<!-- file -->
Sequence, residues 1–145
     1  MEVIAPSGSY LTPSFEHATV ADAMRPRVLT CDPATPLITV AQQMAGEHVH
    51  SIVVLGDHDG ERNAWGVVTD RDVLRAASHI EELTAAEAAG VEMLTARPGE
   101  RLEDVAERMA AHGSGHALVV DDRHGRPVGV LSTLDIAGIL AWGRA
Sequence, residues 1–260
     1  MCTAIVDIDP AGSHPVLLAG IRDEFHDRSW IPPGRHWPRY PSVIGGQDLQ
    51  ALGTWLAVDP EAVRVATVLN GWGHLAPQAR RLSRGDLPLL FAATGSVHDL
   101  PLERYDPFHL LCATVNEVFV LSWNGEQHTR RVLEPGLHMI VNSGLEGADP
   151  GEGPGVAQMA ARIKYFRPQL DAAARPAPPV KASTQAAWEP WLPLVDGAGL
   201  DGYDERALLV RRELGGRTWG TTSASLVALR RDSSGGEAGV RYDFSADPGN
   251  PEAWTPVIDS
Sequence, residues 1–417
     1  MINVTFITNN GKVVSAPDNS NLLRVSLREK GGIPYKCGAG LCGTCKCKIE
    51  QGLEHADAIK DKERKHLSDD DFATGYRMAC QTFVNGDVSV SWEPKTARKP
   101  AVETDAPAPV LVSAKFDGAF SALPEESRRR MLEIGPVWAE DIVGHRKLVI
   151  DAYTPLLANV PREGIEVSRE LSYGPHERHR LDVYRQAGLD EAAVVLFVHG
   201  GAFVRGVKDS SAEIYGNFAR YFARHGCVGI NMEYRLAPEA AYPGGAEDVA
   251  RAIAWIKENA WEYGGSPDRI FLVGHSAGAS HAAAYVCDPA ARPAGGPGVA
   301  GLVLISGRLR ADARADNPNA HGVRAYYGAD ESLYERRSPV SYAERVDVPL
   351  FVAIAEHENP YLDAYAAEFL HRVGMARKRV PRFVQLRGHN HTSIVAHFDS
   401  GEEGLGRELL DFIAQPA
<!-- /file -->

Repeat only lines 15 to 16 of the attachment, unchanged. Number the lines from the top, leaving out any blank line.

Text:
   101  AVETDAPAPV LVSAKFDGAF SALPEESRRR MLEIGPVWAE DIVGHRKLVI
   151  DAYTPLLANV PREGIEVSRE LSYGPHERHR LDVYRQAGLD EAAVVLFVHG